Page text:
Brain “Steroids” – Cognitive Enhancement Drugs


RitalinStudents popping “smart” pills before exams? It’s happening with increasing frequency on both sides of the Atlantic, according to Students turn to smart drugs for exam help in The Scotsman. Students are increasingly using nootropic drugs, which include Ritalin, often prescribed for ADHD, and Donepezil, an Alzheimer’s aid.

A number of clinical studies have shown that such smart drugs can produce significant mental gains in normal, healthy subjects.

Donepezil has been found to boost the brain function of healthy people by increasing the concentration of a neurotransmitter called acetylcholine, boosting the power of certain electrical transmissions between brain cells.

But neuroscientists warn that the long-term effects on healthy people are difficult to predict. Over time, they might cause people to remember too much detail, cluttering the brain and making it difficult to shift attention to a new task.

Whatever the risks, the usage of these drugs as cognitive enhancers is growing. Last year, a study of 119 colleges in the U.S. disclosed that up to 25% of those responding had used ADHD medication for reasons other than treating that condition.

The area of cognitive enhancement will present an interesting challenge for drug makers and marketers. There’s no doubt that a market exists for such products. Currently, the space is dominated by prescription drugs approved for other uses and supplements that have minimal regulation. The latter group includes products like ginkgo biloba, a reputed memory enhancer; these supplements generally don’t have serious research to back up their claims, and aren’t subject to rigorous safety testing. It’s clear that if a well respected pharmaceutical firm like Pfizer or Lilly introduced a product with credible research both demonstrating cognitive benefits in healthy adults and indicating a high probability of safety when used properly, they would sell carloads.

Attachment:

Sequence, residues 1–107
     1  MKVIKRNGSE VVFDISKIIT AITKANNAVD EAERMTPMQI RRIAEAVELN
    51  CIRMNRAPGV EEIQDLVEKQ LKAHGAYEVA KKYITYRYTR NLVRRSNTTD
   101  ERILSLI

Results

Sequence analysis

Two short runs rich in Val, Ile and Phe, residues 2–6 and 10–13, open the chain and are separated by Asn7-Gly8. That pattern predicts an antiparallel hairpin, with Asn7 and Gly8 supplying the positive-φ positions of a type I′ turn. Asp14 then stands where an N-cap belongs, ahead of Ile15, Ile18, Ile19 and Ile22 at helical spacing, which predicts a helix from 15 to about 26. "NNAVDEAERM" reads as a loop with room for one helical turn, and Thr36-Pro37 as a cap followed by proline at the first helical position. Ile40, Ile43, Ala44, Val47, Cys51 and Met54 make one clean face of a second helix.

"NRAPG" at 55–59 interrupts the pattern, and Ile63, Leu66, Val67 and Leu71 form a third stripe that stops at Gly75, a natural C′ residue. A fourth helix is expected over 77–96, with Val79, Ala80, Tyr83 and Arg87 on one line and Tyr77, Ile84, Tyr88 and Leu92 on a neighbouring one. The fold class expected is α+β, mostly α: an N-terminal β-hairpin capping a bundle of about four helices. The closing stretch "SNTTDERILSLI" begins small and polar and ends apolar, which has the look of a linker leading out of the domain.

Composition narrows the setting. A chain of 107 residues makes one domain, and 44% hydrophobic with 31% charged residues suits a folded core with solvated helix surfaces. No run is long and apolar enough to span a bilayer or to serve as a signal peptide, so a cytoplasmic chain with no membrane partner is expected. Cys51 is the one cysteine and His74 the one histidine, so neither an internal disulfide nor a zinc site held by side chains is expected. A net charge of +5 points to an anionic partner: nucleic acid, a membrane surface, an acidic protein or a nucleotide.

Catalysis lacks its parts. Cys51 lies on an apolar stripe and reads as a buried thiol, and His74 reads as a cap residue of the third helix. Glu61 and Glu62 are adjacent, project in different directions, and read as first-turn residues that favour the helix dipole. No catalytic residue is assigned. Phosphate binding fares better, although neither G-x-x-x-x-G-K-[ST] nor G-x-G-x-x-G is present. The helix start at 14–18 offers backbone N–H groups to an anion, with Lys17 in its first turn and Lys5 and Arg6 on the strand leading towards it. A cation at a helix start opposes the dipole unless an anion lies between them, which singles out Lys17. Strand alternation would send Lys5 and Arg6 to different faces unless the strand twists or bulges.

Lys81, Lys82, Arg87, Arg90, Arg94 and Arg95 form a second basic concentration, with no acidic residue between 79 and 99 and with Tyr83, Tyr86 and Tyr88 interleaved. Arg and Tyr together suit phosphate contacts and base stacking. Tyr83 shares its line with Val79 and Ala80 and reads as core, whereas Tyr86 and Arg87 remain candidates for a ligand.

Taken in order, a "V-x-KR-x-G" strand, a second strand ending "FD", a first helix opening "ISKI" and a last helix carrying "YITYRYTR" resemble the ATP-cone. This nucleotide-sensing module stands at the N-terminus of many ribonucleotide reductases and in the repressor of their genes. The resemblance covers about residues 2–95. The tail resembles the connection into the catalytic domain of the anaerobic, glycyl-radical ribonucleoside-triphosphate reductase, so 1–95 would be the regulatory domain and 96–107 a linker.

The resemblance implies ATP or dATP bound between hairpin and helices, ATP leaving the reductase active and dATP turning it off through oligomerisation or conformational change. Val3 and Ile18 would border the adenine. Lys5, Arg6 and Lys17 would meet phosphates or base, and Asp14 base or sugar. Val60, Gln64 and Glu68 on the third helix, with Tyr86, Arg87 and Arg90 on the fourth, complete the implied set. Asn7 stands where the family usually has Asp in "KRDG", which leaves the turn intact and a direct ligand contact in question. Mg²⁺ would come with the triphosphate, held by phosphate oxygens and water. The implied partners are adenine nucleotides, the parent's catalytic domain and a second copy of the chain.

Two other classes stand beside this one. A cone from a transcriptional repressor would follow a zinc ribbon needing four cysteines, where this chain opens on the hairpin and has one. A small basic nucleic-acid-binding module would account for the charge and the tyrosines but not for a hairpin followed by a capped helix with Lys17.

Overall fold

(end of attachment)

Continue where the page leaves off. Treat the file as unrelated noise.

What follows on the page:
Our society today is increasingly performance-driven. People believe that getting into the right college is critical for career success, and the admission process for elite schools has become insanely competitive. Once in college, the competition doesn’t end for those hoping to attend a top professional school – they, too, will need superb academic records and test scores. And after graduation, the competition in the business world can be intense – the ability to be a bit sharper than the next person, and perhaps work longer with less fatigue, might mean winning the promotion race. In each case, a safe cognitive enhancer would be highly sought after.

The field of neuroethics is already starting to think about the issues raised by cognitive enhancers. Michael Gazzaniga’s The Ethical Brain devoted space to evaluating the pros and cons. While in athletics the use of performance enhancing drugs is controversial and almost universally forbidden, the future of cognitive enhancers looks a bit more promising if they can be shown to be safe and effective. There’s too much momentum and potential demand for that not to be the case. Beyond pressured students and professionals, there’s an entire generation of baby boomers concerned about cognitive decline. These boomers are already experimenting with brain fitness ideas, and will be standing in line at the pharmacy if drug makers can meet their real and imagined needs.

  1. Douglas J. Phillips II says